The government is to introduce new legislation to ban under-18s from buying electronic cigarettes.
The Coalition also plans to make it illegal for adults to purchase cigarettes for anyone under 18, under tough new laws aimed at cracking down on teenage smoking.
The announcement comes as e-cigarettes are enjoying a boom in sales, with an estimated 1.3 million people in the UK thought to use them.
The law, which will be introduced this week as an amendment to the Children and Families Bill, will also ban ‘proxy purchasing’ – knowingly buying tobacco on behalf of someone under 18.
Adults caught breaking the law, which ministers hope will come into force by the autumn, could be given a £50 fixed penalty notice or fined up to £2,500.
Public health minister and Conservative MP Jane Ellison said: “Two-thirds of smokers say they smoked regularly before they were 18, showing that this is an addiction largely taken up in childhood.
“We must do all we can to help children lead a healthy life. That’s why this measure is designed to help protect children from the dangers of being bought cigarettes by irresponsible adults – something that I hope concerned parents and responsible retailers will welcome.”
While many people view the tobacco-free devices as a better alternative to traditional cigarettes, health experts remain deeply concerned about the long-term effects they could have on users’ health.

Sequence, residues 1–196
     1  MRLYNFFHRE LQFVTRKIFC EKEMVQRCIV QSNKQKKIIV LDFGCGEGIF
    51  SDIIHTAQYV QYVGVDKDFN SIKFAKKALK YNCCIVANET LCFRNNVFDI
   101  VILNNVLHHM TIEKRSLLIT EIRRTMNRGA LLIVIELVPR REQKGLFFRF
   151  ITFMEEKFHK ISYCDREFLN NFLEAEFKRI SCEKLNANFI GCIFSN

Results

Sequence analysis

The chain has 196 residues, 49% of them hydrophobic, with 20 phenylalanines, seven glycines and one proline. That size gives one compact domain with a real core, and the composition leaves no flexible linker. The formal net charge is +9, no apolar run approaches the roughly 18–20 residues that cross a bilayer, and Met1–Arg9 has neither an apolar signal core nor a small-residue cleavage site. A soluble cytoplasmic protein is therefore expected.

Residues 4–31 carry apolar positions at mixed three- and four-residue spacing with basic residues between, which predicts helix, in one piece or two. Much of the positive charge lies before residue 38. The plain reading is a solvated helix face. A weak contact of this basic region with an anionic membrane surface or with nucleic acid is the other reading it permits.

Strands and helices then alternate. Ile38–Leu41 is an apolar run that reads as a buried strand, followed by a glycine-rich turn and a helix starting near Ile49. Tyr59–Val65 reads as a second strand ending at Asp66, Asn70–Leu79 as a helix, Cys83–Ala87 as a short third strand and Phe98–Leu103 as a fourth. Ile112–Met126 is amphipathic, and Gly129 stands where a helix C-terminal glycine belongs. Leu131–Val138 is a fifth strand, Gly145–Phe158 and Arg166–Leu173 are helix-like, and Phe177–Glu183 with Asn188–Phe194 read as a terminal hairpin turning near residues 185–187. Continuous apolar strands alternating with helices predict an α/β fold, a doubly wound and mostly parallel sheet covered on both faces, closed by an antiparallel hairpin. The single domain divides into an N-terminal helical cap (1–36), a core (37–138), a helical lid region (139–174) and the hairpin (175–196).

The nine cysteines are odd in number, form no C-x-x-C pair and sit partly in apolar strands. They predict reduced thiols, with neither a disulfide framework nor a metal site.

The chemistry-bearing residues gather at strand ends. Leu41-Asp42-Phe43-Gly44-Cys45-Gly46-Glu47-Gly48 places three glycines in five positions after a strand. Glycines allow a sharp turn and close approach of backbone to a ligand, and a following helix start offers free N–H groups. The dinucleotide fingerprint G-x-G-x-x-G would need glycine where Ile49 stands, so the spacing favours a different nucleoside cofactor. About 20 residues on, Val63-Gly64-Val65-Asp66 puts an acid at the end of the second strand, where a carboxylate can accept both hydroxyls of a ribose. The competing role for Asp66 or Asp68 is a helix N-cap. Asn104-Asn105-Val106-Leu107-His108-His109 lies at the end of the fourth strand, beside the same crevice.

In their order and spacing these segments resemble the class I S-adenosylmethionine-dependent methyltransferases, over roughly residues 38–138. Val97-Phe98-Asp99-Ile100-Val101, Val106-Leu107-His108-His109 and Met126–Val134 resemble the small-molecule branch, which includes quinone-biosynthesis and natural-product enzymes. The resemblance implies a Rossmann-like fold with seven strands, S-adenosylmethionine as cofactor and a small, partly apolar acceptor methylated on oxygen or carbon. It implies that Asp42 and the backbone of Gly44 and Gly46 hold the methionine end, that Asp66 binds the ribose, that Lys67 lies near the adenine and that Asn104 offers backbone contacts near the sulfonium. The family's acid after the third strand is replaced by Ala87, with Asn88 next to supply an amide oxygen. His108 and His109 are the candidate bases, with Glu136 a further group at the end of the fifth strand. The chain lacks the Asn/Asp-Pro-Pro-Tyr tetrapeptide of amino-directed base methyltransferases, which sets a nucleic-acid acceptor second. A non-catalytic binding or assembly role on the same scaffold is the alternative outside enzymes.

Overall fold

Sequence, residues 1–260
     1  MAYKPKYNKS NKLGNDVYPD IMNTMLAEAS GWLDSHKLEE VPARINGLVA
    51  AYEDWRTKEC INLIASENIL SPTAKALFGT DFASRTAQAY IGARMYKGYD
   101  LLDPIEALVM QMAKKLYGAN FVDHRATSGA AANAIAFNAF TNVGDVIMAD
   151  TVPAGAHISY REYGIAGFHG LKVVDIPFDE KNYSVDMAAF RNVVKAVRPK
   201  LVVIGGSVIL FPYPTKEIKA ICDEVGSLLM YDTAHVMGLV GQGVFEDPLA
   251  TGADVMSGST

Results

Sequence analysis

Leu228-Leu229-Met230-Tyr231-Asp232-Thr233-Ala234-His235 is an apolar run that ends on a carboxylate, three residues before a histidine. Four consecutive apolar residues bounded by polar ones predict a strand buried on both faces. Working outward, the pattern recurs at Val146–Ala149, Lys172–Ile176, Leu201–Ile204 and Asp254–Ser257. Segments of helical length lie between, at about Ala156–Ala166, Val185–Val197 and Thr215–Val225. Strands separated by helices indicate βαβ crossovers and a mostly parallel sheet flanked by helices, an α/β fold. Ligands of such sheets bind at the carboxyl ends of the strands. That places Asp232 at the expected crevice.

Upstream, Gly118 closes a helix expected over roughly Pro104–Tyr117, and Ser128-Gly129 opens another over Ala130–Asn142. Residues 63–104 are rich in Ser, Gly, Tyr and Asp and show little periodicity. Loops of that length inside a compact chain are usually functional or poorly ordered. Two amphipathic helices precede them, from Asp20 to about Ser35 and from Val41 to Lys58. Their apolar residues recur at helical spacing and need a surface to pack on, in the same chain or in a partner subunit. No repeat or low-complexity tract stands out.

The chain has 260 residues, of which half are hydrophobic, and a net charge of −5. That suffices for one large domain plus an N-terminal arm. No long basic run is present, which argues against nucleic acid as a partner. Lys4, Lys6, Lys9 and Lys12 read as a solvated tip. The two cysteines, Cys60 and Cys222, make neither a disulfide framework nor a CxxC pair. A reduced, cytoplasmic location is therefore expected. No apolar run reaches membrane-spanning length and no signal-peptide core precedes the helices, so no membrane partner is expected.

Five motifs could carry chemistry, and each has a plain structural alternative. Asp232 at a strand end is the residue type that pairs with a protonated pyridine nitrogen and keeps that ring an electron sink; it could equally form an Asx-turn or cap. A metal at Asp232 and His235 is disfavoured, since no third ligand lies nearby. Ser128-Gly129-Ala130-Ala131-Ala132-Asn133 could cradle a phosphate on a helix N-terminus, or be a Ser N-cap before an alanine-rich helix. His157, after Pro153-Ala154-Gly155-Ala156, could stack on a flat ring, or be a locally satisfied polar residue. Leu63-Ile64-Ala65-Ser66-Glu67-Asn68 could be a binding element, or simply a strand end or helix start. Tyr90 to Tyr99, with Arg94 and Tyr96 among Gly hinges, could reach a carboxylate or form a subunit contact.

E-cigarettes provide a hit of nicotine – a highly addictive drug – and some fear they reinforce the behaviour of smoking, making it harder to give up in the long term.
England’s chief medical officer, Professor Dame Sally Davies, said: “We do not yet know the harm that e-cigarettes can cause to adults let alone to children, but we do know they are not risk free.
Dame Sally Davies
“E-cigarettes can produce toxic chemicals and the amount of nicotine and other chemical constituents and contaminants, including vaporised flavourings, varies between products meaning they could be extremely damaging to young people’s health.”
Currently there is no restriction on people under the age of 18 buying e-cigarettes, and they are hugely popular among teenagers in Briton.
But it is feared that children are turning to the smokeless devices – designed to help users quit – before moving on to traditional cigarettes.
Many secondary schools across the UK have resorted to banning e-cigarettes over fears they are encouraging pupils to take up smoking.
Smoking rates have fallen to their lowest ever, in the wake of the ban on smoking in public and a series of shocking public health campaigns highlighting the dangers of cigarettes.
But more than 1,000 people end up in hospital every day as a result of smoking, and experts have warned that the growth in e-cigarettes could reverse some of the good work that has been done in tackling the dangerous habit.
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